By Nancy Gould, Hunter Army Airfield Public AffairsMarch 2, 2011
HUNTER ARMY AIRFIELD, Ga. - A steady drizzle fell on the small crowd gathered at the entrance road to the Savannah/Hilton Head International Airport Feb. 25 to watch leaders and sponsors cut the ceremonial ribbon to the 3rd Infantry Division's newly erected sign, built high on an adjacent berm.
"This [sign] is a symbol of our friendship and the community spirit we share with the Coastal Empire," said Brig. Gen. Jeffrey Phillips, deputy commanding general, 3rd Infantry Division. "We live and work together to support each other."
The sign is also an expression of pride and gratitude toward Soldiers, said Mark Grainger, president of Grainger Honda and the Savannah Automobile Dealers Association, the primary sponsor of the $10,000 sign. Other contributors include Levy Jewelers and Doug Bean Signs.
"They walk among us," said Grainger about Soldiers of the 3rd ID, "They put their lives on the line for us daily; they're the reason we can lay our heads down safely at night."
The 20 by 60-foot sign, erected by Doug Bean Signs, displays the words "3rd Infantry Division" along with the Rocky patch. Because of its size, the large sign is also visible from the air, along with those of Gulfstream Aerospace Corp., Georgia South University, Savannah Morning News and others.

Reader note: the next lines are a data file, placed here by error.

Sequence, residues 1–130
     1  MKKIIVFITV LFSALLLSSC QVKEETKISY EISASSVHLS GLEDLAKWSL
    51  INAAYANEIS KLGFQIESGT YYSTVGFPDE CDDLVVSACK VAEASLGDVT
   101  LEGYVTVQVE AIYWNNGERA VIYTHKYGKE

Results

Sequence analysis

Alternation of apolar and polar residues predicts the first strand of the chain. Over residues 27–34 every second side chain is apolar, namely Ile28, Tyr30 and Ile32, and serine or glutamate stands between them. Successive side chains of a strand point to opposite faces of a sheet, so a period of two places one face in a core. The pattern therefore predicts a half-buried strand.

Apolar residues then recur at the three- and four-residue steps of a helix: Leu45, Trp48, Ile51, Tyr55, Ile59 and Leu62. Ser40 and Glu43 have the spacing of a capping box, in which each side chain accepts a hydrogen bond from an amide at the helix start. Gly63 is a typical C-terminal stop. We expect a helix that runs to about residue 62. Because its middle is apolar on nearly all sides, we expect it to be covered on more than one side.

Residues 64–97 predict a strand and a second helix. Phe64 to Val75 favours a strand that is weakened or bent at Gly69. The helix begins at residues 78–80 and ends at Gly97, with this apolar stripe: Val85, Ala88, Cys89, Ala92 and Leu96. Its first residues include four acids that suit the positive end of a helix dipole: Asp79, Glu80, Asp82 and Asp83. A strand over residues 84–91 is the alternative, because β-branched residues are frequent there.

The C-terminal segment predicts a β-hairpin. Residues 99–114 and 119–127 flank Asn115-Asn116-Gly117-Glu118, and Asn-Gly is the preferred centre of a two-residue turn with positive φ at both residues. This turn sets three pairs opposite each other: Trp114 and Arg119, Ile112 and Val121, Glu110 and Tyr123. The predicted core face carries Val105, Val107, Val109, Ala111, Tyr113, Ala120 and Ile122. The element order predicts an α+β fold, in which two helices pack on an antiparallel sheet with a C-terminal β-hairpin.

The 3rd ID sign is one of many other signs created and erected in the Savannah area by the sign company, but it has special meaning for its owner and founder, Doug Bean.
"I'm grateful for the opportunity to show my gratitude and to produce a sign that honors Soldiers for all they do," said Bean, adding that his work was a "small piece" of what he feels about the military segment of this community who serve our nation. "Nobody needs to thank me."
Brigadier General Phillips said the military community was thankful and pleased that the sign is completed. He believes it's a symbol of caring and support for 3rd ID Soldiers to see as they travel the airport road.
"It's a gift of fellowship that shows the community's support," he said. "It's been a vision of the past four generations of commanders."